No one mentioned Ursula K. LeGuin - Left Hand of Darkness, Lathe of Heaven, and (for children, and adults too) A Wizard of Earthsea. Some of her writing is not scifi at all, and some is, well, not very good.
 
  • #37
J/Psi
my top five in no particular order

Hyperion by Dan Simmons

A Fire Upon the Deep by Vernor Vinge

Consider Phlebas by Iain Banks

Dune by Frank Herbert

The Dosadi Experiment by Frank Herbert
 
  • #38
selfAdjoint
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I thought Consider Phlebas a great book until the end. I felt cheated by that.
 
  • #39
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Has anyone read "Snow Crash" by Neal Stephenson?

It's a fun and fast paced book. Definitely worth a look if you are interested in computers or virtual reality.

My vote is for Asimov, I loved reading the Dr Urth stories when I was growing up.
 
  • #40
selfAdjoint
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I just finished Snow Crash a couple of weeks ago. Great adventure and interesting characters. I thought "William Gibson meets Tim Powers". Cyberpunk plus threats from ancient (but true) mythology, the last being Tim Powers very entertaining specialty (look him up).

Currently reading Gibson's Pattern recognition. Not sf, exactly, nominally present day, but very techy. Hero is a lady whose father disappeared in the 9/11 destruction (or did he?). she's allergic to certain common logos and supports herself as a cool hunter. That's hunter of cool.
 
  • #41
Evo
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Originally posted by selfAdjoint
I just finished Snow Crash a couple of weeks ago. Great adventure and interesting characters. I thought "William Gibson meets Tim Powers". Cyberpunk plus threats from ancient (but true) mythology, the last being Tim Powers very entertaining specialty (look him up).

Currently reading Gibson's Pattern recognition. Not sf, exactly, nominally present day, but very techy. Hero is a lady whose father disappeared in the 9/11 destruction (or did he?). she's allergic to certain common logos and supports herself as a cool hunter. That's hunter of cool.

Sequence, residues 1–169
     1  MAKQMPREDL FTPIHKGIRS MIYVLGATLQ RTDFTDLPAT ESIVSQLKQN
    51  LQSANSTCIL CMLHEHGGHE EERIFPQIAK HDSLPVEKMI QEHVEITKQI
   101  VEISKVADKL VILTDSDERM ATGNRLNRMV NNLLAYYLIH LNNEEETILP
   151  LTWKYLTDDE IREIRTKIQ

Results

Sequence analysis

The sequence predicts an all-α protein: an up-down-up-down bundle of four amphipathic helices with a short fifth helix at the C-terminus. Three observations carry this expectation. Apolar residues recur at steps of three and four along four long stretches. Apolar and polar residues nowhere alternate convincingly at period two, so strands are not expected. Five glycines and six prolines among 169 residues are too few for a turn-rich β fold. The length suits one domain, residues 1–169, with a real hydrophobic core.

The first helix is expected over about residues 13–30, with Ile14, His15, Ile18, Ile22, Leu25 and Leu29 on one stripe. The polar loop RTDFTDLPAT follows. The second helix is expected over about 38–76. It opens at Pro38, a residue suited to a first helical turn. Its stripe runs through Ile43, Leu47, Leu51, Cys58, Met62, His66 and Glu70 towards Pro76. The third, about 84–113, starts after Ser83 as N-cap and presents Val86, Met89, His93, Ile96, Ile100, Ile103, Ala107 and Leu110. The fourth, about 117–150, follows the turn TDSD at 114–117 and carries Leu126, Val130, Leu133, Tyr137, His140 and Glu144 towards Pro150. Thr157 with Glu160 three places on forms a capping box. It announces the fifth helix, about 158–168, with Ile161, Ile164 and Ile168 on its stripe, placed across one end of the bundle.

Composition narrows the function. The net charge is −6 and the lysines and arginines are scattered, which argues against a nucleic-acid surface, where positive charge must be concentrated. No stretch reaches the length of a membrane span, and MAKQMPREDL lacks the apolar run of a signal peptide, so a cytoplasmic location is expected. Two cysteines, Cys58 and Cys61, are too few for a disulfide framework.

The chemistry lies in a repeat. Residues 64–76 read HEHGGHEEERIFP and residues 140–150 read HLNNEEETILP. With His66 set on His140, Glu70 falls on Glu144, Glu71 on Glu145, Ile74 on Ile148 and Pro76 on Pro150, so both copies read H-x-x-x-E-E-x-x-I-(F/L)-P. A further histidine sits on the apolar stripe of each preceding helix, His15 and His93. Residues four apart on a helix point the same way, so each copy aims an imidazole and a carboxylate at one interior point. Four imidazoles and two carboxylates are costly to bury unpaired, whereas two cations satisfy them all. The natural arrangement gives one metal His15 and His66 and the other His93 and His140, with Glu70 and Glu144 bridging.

Thanks! I will check them both out. Anytime someone that has enjoyed a book I like can also recommend others, that is SO helpful. I read so much, so quickly, that I find myself hesitant to finish a good book because I am afraid I won't find more that are as interesting.
 
  • #42
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I don't read as much SF as I'd like to, but I remember especially enjoying Greg Egan's Permutation City and Stephen Baxter's The Time Ships.

Egan has a great web page with fun applets, some of his works, and notes to some of his works.
 
  • #43
J/Psi
Originally posted by selfAdjoint
I just finished Snow Crash a couple of weeks ago. Great adventure and interesting characters. I thought "William Gibson meets Tim Powers". Cyberpunk plus threats from ancient (but true) mythology, the last being Tim Powers very entertaining specialty (look him up).

Currently reading Gibson's Pattern recognition. Not sf, exactly, nominally present day, but very techy. Hero is a lady whose father disappeared in the 9/11 destruction (or did he?). she's allergic to certain common logos and supports herself as a cool hunter. That's hunter of cool.
gibson is one of my favorite authors and _pattern recognition_ is decent. _snow crash_ is very good, as is stephenson's _cryptonomicon_. unfortunately, his latest _quicksilver_ is awful; i gave up giving it the benefit of the doubt after 100 pages and put it down for good; quite a shame really since the story features isaac newton and the early days of physics/scientific method.

dan simmons' latest, _ilium_, is very good
 
  • #44
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I'm a little late replying to this thread but here goes,

Some of my favorite authors/books which haven't been mentioned:

Robert J. Sawyer: The Terminal Experiment, Hominids, Humans, Factoring Humanity

Robert Sawyer seems to have a very good grasp of science. His use of hard science blended with philosophical/moral issues make for excellent reading.

Eric Nylund: Signal to Noise and A Signal Shattered (sequel)

These are the only two novels I have read by Nylund but they are excellent. I've heard them referred to as 'hyperpunk' but I'm not sure what that means. It is, IMHO, an excellent story. Review

Some other previously mentioned works I like:

Arthur C. Clark: Rama series, A Space Odyssey

Isaac Asimov: Foundation series, Robot series


My favorite fantasy series:

Stephen R. Donaldson: The Chronicles of Thomas Covenant, the Unbeliever (had to mention it)
 
  • #45
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G,day I loved Star Hammer that was a good readable sci-fi novel. Walter Williams is also an author I like tremendously. I do a bit of writing myself and have a novel I have written called Doom Of The Shem.
Doom Of The Shem is a science fiction novel that incorporates the horror of military action with the unavoidable hostilities that occur when an alien species invade a planet in search of food. The barbarity of war is brought to light by the work achieved by the nurses and medical personnel of the planets inhabitants. While a full blown military action story emerges from an ensuing war that involves the whole planet. It is especially centered on a squad of the planets army forces, who fight the alien invaders.
doomoftheshem.blogspot.com
 
  • #46
Nabeshin
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You, sir, just replied to a five year old thread.